The end of a year is a good time to ask yourself some big questions.
I was listening to an interview recently with the astrologer Russell Grant. He was talking about the years he spent with debilitating depression. He weighed 27 stone, and had become a virtual recluse.
He says that he woke up on January 5th, 2009, and knew he had to get his life back. He asked himself "What's missing in my life?" He realised that 'joy' was missing, and that it was musical theatre that gave him joy.
He went back into theatre, regained joy, lost the weight and got his life back.
He says that everyone suffering from depression should ask the question what's missing in my life?
I think the same is true for anyone struggling with alcohol addiction, because often we use alcohol to plug a gap.
Looking back, what was missing in my life - seemingly so perfect - was self respect.
I'd always been incredibly lucky. I did really well at school and University. I had lots of friends. A loving family. My luck continued, and I found a career I loved and was very good at.
I was made a Board Director at the age of thirty, and by 33 was a Managing Partner, running a huge team of people.
But by the time #3 was born, trying to 'have it all' was driving me crazy. And I didn't want to miss seeing my kids grow up. So I quit.
I thought I'd be the perfect full time Mum. Endlessly patient, fun, creative. I'd be constantly baking cakes and making models out of sticky back plastic and empty cereal boxes.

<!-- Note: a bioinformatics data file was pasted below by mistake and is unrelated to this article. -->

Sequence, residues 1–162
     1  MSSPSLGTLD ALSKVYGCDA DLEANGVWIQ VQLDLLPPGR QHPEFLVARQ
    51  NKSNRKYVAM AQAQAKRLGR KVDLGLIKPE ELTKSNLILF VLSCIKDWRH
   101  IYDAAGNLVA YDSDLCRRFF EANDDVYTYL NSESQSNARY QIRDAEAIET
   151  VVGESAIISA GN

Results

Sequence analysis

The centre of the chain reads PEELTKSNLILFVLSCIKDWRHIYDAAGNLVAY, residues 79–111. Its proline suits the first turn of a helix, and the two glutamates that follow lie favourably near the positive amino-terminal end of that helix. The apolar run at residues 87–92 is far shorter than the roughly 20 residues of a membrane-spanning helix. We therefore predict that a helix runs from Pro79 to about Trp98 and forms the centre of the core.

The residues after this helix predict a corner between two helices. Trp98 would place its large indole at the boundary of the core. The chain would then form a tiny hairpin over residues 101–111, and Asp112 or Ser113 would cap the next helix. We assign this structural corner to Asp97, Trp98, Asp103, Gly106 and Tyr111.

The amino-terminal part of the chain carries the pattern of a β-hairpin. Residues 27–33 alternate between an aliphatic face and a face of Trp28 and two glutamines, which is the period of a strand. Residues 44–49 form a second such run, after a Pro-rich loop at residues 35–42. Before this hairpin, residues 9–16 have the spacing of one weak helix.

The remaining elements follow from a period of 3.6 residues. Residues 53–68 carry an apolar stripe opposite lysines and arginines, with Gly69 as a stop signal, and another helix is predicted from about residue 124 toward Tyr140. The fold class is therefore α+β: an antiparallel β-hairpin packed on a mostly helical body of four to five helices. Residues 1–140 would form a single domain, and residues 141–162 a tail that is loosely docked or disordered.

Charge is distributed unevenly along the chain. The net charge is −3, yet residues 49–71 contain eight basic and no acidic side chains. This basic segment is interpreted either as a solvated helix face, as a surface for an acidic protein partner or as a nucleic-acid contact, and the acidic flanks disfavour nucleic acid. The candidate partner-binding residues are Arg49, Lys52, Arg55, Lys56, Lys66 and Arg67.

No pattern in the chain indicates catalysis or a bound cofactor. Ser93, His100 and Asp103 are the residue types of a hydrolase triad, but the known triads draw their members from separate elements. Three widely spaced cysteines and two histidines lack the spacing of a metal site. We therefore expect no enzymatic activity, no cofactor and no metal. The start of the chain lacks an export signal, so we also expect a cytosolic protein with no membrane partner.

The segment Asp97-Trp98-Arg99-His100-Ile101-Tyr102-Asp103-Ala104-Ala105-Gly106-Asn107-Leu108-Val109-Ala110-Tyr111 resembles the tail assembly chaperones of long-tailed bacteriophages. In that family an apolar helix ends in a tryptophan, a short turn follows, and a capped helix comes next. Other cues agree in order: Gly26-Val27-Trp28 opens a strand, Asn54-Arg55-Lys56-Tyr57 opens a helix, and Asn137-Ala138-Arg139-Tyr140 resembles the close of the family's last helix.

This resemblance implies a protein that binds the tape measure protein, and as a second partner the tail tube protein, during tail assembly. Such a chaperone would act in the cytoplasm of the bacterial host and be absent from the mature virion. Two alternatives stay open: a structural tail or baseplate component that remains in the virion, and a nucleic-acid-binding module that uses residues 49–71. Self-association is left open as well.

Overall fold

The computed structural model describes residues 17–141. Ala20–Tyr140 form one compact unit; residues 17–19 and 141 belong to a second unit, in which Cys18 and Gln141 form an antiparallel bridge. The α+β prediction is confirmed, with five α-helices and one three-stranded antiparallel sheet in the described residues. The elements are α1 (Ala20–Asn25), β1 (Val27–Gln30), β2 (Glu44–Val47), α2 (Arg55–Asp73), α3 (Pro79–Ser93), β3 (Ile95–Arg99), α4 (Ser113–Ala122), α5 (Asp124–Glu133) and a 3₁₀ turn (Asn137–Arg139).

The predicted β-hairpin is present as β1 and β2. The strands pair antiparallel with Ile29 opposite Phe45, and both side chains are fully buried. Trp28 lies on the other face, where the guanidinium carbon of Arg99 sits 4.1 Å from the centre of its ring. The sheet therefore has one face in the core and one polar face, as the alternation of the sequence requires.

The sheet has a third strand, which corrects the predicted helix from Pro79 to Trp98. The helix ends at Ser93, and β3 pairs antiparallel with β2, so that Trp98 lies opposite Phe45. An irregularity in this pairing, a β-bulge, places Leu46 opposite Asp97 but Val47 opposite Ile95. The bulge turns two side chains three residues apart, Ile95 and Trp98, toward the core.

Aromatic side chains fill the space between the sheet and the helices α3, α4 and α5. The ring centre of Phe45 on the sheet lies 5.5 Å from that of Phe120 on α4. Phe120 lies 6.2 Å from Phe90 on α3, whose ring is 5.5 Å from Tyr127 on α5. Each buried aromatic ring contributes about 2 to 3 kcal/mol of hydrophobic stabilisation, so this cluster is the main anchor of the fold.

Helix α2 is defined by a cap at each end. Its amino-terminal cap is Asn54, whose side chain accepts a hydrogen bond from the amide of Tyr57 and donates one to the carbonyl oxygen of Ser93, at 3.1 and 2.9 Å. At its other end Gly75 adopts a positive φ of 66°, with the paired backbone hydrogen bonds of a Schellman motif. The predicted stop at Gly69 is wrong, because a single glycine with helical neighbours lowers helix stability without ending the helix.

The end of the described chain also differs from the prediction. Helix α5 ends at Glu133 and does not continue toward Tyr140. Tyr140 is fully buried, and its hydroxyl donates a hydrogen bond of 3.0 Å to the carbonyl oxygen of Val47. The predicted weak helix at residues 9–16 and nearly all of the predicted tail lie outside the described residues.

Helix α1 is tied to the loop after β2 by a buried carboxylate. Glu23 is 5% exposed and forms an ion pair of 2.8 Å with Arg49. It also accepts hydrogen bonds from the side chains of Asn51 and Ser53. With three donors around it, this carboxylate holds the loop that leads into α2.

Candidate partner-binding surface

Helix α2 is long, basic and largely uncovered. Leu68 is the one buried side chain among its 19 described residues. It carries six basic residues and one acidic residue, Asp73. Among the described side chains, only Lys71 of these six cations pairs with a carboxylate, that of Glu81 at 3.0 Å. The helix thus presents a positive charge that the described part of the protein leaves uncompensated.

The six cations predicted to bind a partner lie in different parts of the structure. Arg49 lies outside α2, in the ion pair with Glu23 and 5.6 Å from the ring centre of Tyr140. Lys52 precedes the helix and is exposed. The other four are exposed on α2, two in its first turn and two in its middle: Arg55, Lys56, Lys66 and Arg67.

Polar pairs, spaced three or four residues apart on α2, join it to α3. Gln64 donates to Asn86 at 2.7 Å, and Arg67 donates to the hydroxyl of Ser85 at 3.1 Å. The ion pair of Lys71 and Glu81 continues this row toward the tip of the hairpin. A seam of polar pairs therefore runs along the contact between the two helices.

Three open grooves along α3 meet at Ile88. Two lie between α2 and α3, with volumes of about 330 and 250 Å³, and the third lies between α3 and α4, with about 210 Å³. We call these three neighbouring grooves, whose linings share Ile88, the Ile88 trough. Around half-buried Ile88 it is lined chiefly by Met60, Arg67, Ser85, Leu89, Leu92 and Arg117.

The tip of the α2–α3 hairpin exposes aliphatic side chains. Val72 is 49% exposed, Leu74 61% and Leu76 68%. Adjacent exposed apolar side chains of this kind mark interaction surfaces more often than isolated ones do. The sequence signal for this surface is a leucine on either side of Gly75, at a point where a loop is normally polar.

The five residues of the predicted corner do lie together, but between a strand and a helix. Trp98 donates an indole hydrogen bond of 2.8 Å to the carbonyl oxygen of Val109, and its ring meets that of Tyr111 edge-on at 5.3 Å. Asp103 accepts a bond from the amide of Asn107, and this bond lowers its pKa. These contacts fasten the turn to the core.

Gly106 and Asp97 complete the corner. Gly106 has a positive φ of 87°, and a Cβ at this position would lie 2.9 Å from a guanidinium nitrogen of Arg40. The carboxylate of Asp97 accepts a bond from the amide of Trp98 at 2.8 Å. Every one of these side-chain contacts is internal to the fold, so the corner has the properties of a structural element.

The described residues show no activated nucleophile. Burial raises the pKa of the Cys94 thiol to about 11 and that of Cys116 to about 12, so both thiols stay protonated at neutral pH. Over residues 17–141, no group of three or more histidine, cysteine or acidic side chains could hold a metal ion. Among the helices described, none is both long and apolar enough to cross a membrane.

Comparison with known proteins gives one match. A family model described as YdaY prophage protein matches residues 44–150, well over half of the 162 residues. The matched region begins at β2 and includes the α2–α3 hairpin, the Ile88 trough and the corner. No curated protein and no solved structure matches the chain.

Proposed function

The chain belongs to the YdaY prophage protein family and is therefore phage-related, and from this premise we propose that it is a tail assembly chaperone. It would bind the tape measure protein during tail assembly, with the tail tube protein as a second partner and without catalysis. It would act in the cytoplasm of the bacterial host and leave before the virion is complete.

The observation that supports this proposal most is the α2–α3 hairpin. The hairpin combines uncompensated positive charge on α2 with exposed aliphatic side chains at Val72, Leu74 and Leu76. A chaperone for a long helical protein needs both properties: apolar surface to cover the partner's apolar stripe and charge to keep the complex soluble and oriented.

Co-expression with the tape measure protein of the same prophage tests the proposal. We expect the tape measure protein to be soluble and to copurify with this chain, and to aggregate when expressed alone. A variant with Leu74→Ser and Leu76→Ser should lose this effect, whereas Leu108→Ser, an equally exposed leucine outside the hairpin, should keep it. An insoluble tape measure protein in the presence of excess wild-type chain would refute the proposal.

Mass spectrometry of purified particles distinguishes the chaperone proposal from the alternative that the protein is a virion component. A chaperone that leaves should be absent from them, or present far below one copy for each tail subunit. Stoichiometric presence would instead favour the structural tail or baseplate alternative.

But I wasn't very good at it. Not bad, but not great. And I wasn't used to not being great at my life.
I'd been used to constant accolades - prizes, promotions, pay rises. And you don't get any of that as a full time Mum.
The most you can hope for is that you get to the end of the day and the children still have thirty fingers and thirty toes between them (presuming you have three children. If you only have two that would be kind of weird), and no-one's currently throwing a tantrum or beating up a sibling.
Slowly, so slowly I barely noticed, I lost my self respect.
And the hole that was left behind I topped up with vino.
You know the problem with that, don't you?
Alcohol has a terrible way of taking that very thing you're trying to fix and making it worse. Drinking a bottle of wine a day doesn't give you self respect, does it? Instead it strips away any you had left and makes you really hate yourself.
The more I drank, the more I disliked myself. And the more I disliked myself, the more I drank.
People mail me telling me that they starting drinking following divorce or bereavement, because they were lonely. Totally understandable!
What was 'missing' was companionship. But drinking doesn't give you that, at least not once it's out of control. Instead you end up drinking at home alone - holding a pity party for one.
Many of us drink to cope with anxiety, stress or fear. We're missing courage. But alcohol takes all that courage away. It makes us unable to cope with anything much at all when we're sober, and dealing with problems drunk is never a good idea!
I stopped drinking nearly ten months ago, and - slowly, slowly, I've found my self respect returning.
I'm a better Mum. In quitting the booze I've done something incredible that took real courage and perseverance. I've been writing every day (which I've always wanted to do). And I've faced up to (and, hopefully, beaten) cancer.
I really, really like myself.
So, ask yourself 'what's missing?' And you know what? You won't find whatever it is at the bottom of a bottle, but if you put the bottle down I bet you'll find it comes back, in spades.
Just do it.
Love SM x